Managing to Learn by Toyota veteran John Shook, reveals the thinking underlying the vital A3 management process at the heart of lean management and lean leadership. Constructed as a dialogue between a manager and his boss, the book explains how “A3 thinking” helps managers and executives identify, frame, and then act on problems and challenges. Shook calls this approach, which is captured in the simple structure of an A3 report, “the key to Toyota’s entire system of developing talent and continually deepening its knowledge and capabilities.”
The A3 Report is a Toyota-pioneered practice of getting the problem, the analysis, the corrective actions, and the action plan down on a single sheet of large (A3) paper, often with the use of graphics. A3 paper is the international term for a large sheet of paper, roughly equivalent to the 11-by-17-inch U.S. sheet.
“The widespread adoption of the A3 process standardizes a methodology for innovating, planning, problem-solving, and building foundational structures for sharing a broader and deeper form of thinking that produces organizational learning deeply rooted in the work itself,” says Shook, who 10 years ago co-authored Learning to See, a groundbreaking LEI publication that taught readers how to map value streams to identify and eliminate waste. Learning to See has sold more than 173,000 copies and been translated into 12 languages.
Management expert James Womack, Ph.D., LEI founder and chairman, predicts Managing to Learn will have as deep an impact on the way lean companies manage people as Learning to See had on managing processes. “Readers will learn an underlying way of thinking that reframes all activities as learning activities at every level of the organization, whether it’s standardized work and kaizen at the individual level, system kaizen at the managerial level, or fundamental strategic decisions at the corporate level.”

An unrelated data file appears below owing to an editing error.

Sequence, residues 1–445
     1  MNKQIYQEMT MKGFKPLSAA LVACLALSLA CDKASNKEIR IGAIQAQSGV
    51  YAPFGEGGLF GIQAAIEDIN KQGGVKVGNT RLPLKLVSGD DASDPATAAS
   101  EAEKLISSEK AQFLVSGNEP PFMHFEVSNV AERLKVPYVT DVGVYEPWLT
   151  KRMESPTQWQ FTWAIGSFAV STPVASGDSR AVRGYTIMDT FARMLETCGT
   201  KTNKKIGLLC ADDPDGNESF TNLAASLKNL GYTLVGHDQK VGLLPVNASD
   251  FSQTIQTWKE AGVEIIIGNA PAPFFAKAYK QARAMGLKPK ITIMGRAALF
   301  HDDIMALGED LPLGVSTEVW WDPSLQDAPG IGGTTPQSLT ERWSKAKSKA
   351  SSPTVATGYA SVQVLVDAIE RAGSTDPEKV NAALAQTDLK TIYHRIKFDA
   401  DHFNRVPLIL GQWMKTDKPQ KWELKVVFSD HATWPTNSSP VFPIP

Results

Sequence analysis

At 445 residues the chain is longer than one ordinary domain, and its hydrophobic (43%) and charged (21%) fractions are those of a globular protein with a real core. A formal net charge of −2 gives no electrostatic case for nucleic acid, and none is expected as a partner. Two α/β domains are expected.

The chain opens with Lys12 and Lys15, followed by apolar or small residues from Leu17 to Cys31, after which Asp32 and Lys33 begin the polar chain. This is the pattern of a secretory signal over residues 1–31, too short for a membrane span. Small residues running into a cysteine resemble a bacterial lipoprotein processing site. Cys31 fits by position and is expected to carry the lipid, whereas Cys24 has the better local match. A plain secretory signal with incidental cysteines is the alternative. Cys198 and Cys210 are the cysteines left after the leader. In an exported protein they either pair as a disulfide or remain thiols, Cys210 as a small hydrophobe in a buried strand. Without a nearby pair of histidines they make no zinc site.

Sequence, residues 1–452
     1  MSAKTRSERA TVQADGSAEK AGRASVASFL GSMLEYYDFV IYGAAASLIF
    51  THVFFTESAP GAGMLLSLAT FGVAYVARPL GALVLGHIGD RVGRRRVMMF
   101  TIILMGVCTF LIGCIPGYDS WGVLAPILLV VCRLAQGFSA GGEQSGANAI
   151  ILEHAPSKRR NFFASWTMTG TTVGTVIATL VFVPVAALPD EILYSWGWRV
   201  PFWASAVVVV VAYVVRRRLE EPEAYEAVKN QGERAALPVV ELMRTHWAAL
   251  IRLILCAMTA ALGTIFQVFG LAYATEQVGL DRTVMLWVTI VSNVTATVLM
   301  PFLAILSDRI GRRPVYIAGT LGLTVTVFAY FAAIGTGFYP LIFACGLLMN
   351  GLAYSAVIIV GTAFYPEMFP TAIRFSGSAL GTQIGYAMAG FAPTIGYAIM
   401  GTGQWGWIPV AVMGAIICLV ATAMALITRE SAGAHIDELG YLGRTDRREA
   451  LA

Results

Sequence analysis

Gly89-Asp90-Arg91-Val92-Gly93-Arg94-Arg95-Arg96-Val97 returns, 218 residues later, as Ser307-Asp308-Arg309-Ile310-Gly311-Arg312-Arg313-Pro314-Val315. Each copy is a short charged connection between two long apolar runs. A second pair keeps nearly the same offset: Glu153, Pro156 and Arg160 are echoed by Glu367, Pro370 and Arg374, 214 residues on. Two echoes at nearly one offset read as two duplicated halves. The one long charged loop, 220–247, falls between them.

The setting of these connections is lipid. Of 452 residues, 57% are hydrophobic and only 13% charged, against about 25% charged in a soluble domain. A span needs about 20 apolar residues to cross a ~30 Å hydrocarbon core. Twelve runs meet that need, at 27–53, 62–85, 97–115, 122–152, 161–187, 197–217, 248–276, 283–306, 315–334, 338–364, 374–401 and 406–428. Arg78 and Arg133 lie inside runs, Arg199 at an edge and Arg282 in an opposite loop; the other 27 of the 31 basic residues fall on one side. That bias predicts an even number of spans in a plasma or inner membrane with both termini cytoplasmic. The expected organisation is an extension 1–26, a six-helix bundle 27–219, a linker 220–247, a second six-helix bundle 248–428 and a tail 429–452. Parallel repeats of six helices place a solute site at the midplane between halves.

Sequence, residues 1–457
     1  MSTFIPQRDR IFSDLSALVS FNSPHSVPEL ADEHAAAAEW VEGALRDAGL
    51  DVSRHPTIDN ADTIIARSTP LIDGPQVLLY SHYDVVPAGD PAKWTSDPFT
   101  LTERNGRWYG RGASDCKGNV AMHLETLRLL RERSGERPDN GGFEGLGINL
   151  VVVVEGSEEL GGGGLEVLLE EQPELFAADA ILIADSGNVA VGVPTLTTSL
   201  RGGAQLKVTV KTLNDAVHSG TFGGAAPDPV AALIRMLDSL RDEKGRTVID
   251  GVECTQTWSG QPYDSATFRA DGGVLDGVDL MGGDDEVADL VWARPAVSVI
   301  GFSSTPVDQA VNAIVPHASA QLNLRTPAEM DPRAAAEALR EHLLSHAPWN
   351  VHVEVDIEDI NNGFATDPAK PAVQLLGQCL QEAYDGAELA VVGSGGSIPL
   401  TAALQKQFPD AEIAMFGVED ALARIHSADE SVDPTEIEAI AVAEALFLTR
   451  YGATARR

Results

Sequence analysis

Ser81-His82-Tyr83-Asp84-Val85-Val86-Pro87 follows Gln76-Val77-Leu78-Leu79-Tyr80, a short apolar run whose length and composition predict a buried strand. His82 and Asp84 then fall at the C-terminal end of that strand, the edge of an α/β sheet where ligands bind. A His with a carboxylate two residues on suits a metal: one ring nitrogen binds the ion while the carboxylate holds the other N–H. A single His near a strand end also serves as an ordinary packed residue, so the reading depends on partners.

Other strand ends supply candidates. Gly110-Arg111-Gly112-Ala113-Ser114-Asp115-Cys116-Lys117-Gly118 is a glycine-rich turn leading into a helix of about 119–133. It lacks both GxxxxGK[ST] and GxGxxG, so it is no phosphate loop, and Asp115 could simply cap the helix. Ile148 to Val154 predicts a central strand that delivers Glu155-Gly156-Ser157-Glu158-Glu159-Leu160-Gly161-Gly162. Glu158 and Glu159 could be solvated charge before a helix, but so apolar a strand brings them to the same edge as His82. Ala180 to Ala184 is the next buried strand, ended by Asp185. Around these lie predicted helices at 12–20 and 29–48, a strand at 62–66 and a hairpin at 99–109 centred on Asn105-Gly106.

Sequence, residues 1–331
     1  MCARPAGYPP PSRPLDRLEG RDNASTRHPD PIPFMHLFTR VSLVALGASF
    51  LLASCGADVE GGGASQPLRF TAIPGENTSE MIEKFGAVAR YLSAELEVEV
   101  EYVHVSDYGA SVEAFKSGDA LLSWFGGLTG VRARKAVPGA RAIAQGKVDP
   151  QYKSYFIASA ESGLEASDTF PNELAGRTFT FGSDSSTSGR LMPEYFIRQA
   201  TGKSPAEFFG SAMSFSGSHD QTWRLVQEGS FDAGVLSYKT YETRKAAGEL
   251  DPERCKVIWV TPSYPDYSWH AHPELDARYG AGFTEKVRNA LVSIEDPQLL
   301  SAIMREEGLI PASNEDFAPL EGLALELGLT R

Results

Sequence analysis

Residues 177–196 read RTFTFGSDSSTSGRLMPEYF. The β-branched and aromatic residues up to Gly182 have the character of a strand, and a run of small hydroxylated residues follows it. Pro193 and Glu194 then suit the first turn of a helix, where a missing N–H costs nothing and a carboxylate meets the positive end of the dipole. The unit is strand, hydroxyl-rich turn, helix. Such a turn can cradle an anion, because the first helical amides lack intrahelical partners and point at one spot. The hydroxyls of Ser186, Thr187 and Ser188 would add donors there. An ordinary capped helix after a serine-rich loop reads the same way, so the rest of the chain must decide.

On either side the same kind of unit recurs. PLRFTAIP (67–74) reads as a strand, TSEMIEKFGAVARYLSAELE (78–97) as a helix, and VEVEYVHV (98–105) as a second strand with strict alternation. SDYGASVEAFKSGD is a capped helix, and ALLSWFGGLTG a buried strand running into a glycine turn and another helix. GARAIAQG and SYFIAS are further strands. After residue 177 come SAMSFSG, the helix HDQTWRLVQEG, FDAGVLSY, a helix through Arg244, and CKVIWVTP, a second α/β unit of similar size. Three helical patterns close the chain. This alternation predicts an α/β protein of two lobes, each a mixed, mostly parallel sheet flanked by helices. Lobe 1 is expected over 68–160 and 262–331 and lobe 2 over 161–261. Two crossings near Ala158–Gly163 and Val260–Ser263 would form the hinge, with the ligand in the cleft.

A unique layout puts the thoughts of a lean manager struggling to apply the A3 process to a key project on one side of the page and the probing questions of the boss who is coaching him through the process on the other side. As a result, readers learn how to write a powerful A3—while learning why the technique is at the core of lean management and lean leadership.
Executives and managers at all levels in the organization will benefit from the book. An A3 can be used wherever there is a need for people to work together to get clarity on a problem or proposal and then to create a set of realistic and effective countermeasures. A3s can be prepared by individuals, teams, or any leader and his or her report.